On the 7 train back to Manhattan, the doors shut, and the entire car erupted into a “Let’s Go Mets!” chant spontaneously. Afterwards, the exhaustion of the almost six hour marathon game set in and there was complete silence. Except one guy on his cell phone. “Hey baby how ya doing? What? I was at the game. No really… Yeah, for 6 hours! It was one of the longest games in history…. I swear… but baby…. Here, listen.” At this point he held the cell phone up to the quiet subway car and attempted to get everyone to follow his lead and chant again. We were just too tired and nobody responded. But then a voice rang out from somewhere in the back of the subway. “Aw come on, it’s to save his marriage.” Immediately a string of giant “Let’s Go Mets!” chants rang out with the guy dancing and holding up the phone. I don’t know if it saved his marriage or not, but we gave it a shot.

For $12 I sat in the Upper deck for the first game back after 9/11. Diana Ross, Liza Minelli, bagpipes, honor guard and baseball. We cried during every between inning performance. Even for Liza. She blew the place away. High kicking and dancing in front a backdrop of firemen and cops belting out “New York, New York” while the whole crowd swayed together to the music arm in arm with a tear on every face. Even now when I try to explain this to people who weren’t there I say, “Really, she was that good.” Incredulous stare. “No. Really.” They reply, “Liza sucks.” Then I say, “I know how you feel, I always thought of her as a talentless, boozed up nobody and I too couldn’t believe people paid attention to her, but I’m telling you she was just so unbelievably good.” I get laughed at for this one, but she really was that good. Really.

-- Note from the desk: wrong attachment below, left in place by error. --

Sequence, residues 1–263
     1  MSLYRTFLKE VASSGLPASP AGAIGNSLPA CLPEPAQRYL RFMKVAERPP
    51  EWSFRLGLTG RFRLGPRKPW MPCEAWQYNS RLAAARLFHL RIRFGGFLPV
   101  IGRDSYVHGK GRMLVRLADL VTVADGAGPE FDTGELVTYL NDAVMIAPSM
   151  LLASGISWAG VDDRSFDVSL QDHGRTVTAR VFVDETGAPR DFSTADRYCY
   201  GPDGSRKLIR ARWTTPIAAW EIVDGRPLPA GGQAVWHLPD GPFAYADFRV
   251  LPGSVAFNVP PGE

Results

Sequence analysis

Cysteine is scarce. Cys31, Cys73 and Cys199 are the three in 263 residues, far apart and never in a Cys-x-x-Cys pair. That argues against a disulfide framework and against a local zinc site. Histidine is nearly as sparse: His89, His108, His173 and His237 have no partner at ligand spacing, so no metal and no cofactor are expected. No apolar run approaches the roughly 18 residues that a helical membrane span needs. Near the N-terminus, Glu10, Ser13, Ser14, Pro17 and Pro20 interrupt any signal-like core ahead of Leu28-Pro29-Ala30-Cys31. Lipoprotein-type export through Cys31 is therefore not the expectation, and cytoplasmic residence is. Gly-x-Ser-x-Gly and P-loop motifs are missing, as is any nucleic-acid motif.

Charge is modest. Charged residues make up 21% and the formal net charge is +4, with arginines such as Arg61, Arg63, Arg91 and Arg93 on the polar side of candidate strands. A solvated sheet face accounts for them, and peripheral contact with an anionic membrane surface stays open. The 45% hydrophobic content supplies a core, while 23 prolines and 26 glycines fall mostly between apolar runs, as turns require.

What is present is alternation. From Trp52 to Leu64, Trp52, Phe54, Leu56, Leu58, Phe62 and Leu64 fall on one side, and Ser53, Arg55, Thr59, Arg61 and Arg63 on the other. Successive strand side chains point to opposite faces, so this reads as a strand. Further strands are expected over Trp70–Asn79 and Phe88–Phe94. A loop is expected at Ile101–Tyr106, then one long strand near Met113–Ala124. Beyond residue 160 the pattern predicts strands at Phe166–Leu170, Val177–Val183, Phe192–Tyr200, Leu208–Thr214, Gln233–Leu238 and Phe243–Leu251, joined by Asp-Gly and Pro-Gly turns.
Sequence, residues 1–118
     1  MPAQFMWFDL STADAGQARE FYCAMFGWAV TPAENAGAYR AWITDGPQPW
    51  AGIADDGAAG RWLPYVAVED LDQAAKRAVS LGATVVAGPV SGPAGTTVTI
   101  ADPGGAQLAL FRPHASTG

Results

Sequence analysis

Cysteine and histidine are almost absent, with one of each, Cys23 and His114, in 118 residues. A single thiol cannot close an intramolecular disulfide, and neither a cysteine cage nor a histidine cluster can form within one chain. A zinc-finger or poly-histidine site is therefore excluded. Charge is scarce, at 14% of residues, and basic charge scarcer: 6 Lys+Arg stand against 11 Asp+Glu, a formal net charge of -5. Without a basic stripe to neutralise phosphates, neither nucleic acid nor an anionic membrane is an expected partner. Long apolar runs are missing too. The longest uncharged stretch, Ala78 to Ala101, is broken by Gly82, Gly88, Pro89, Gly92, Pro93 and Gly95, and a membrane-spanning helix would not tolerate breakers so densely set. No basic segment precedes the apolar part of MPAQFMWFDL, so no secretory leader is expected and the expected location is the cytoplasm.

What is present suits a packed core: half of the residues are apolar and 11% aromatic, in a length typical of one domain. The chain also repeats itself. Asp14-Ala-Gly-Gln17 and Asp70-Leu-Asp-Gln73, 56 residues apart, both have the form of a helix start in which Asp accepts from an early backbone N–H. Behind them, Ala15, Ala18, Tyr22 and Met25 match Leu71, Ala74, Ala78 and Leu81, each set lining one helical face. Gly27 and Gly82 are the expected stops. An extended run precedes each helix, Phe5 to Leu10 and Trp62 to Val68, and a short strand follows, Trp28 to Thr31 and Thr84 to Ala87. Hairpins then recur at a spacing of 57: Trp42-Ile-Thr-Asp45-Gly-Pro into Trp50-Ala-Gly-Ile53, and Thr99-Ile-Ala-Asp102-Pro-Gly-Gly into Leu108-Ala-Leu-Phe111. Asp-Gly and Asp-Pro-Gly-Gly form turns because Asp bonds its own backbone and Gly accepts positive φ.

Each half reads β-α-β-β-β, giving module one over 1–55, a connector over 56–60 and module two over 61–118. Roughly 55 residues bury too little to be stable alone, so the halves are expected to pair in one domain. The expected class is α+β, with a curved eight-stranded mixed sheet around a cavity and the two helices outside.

The worst upper deck moment came just a few weeks later against Atlanta. Armando Benitez on the mound. The Mets way ahead. They had to win and the Phillies had to lose their game. The Phillies had been ahead all day, but at the beginning of Brian Jordan’s at bat, they were behind. The Mets were going to do it. I believed! For just a second, I believed. As Benitez threw fastballs to Jordan, “Strike One!” I yell, “Strike Two!” and again on the third one “Strike Three!” As Jordan rounded the bases I couldn’t believe he had hit one. That was alright, we can’t blow a six run lead. Ah well. As Jordan hit his second home run that inning I looked up at the scoreboard and saw the Phillies had moved ahead. In slow motion I yell out in horror with voice slow and deep at half speed “Nooooooo!” I guess the look on my face must have been priceless. Fate had beckoned ever closer just so it could give me the biggest ball splitting wedgie of a lifetime. This was the first time I almost literally cried over the Mets losing a game.